For the longest time, I wasn't sad at all about the Holy Father's resignation. When a sweet Anglican friend wrote a note of ecumenical sympathy on hearing the news, I blithely responded, "Thanks for your concern, but I'm not sad or upset about it!" To the contrary, I happily went around telling people that this was a "win-win": our dear Benedict XVI would get a well-deserved retirement, while the Church would get an energetic new leader. What could be better?
But last night, my roommate pointed out that today would be our last day under Benedict XVI's papacy. And then this morning, as I made my Morning Offering, I choked over these words:
"I offer you all my prayers, works, joys, and sufferings of today ... in particular for the intentions of the Holy Father."
It hit me hard: tomorrow we won't have a Holy Father. Every morning I've been praying for his intentions... but tomorrow? What will I say instead? "For the intentions of the former Holy Father"? I felt pretty cut up inside at the realization.
When the news was first announced, I felt a little guilty when everyone seemed to be writing blog posts and Facebook statuses about how Pope Benedict was their special guiding light—the pope who brought them to the Church/greatly influenced their personal philosophy/changed their lives—because I can't say I had that kind of "special connection" to our Holy Father. Beyond reading his encyclicals at the times of their publications, I'm not especially familiar with his writings. I came of age as part of the "JPII generation," and John Paul II is still the pope with whom I identify the most. But that doesn't mean I don't love Pope Benedict VXI with all my heart.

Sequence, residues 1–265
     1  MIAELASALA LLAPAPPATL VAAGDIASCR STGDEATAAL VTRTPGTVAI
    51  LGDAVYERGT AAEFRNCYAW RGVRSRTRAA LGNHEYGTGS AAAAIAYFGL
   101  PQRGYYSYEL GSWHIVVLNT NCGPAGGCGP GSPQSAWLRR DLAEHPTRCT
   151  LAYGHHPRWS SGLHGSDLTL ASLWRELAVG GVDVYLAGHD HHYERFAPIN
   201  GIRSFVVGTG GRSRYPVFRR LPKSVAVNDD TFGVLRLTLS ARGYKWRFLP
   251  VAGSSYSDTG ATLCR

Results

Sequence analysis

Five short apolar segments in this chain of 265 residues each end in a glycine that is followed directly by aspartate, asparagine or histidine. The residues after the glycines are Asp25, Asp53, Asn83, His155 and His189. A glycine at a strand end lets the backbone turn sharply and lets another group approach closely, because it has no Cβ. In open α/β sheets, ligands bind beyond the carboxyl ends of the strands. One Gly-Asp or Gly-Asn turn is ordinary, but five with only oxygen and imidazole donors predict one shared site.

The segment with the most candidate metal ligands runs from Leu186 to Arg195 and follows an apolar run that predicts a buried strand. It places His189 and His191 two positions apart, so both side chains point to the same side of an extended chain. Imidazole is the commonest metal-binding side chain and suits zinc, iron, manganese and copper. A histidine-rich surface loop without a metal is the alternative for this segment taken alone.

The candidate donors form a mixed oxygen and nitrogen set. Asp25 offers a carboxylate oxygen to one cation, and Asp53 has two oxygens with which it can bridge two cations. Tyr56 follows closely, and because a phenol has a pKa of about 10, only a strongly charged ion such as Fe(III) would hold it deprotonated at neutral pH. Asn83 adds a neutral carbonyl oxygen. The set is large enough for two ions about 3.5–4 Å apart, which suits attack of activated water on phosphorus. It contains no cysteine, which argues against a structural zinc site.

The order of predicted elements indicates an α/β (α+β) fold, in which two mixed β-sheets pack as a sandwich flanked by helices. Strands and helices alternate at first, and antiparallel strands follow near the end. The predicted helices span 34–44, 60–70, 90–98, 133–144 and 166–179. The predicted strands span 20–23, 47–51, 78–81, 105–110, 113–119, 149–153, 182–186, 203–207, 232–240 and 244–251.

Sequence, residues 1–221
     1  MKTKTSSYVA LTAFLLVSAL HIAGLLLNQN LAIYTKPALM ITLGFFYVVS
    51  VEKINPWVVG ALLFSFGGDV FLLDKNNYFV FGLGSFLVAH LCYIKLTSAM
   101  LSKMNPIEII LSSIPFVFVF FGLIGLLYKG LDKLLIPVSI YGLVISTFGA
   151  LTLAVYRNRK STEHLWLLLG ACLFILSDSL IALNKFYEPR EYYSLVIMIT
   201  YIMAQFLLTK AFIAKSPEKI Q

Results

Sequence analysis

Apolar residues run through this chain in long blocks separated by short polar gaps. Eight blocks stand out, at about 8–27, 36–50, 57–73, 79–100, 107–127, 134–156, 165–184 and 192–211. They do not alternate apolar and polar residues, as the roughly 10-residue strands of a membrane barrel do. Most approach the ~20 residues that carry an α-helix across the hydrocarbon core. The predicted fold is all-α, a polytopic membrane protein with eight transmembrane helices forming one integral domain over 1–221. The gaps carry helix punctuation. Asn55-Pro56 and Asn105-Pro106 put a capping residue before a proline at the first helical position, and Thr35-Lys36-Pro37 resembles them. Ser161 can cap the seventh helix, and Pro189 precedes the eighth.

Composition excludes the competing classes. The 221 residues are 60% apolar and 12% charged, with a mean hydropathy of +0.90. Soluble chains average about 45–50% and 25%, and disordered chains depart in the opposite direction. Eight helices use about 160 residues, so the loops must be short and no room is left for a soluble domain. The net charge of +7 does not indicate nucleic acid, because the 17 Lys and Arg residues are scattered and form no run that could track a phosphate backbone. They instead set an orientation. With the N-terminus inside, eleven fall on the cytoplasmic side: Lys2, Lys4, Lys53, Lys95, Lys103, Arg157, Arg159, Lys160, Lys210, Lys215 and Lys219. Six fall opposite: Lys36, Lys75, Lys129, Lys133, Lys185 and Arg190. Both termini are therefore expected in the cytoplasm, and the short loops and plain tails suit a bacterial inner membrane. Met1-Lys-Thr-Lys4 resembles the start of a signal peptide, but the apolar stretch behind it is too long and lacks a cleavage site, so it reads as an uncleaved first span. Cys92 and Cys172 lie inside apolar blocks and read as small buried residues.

What I said in the beginning still holds true: this situation will be best for the Church and for the Holy Father personally. It still is a "win-win." But even win-win situations can be really painful and sad and hard.
Ok, this is getting ridiculous. I'm about to start crying at my desk. We can't have that; there are books that need to be edited and I have work to do. But oh... it doesn't feel right not to grieve.
Today is a hard day for all of us Catholics. God bless our dear Holy Father; our prayers will be with him. Godspeed.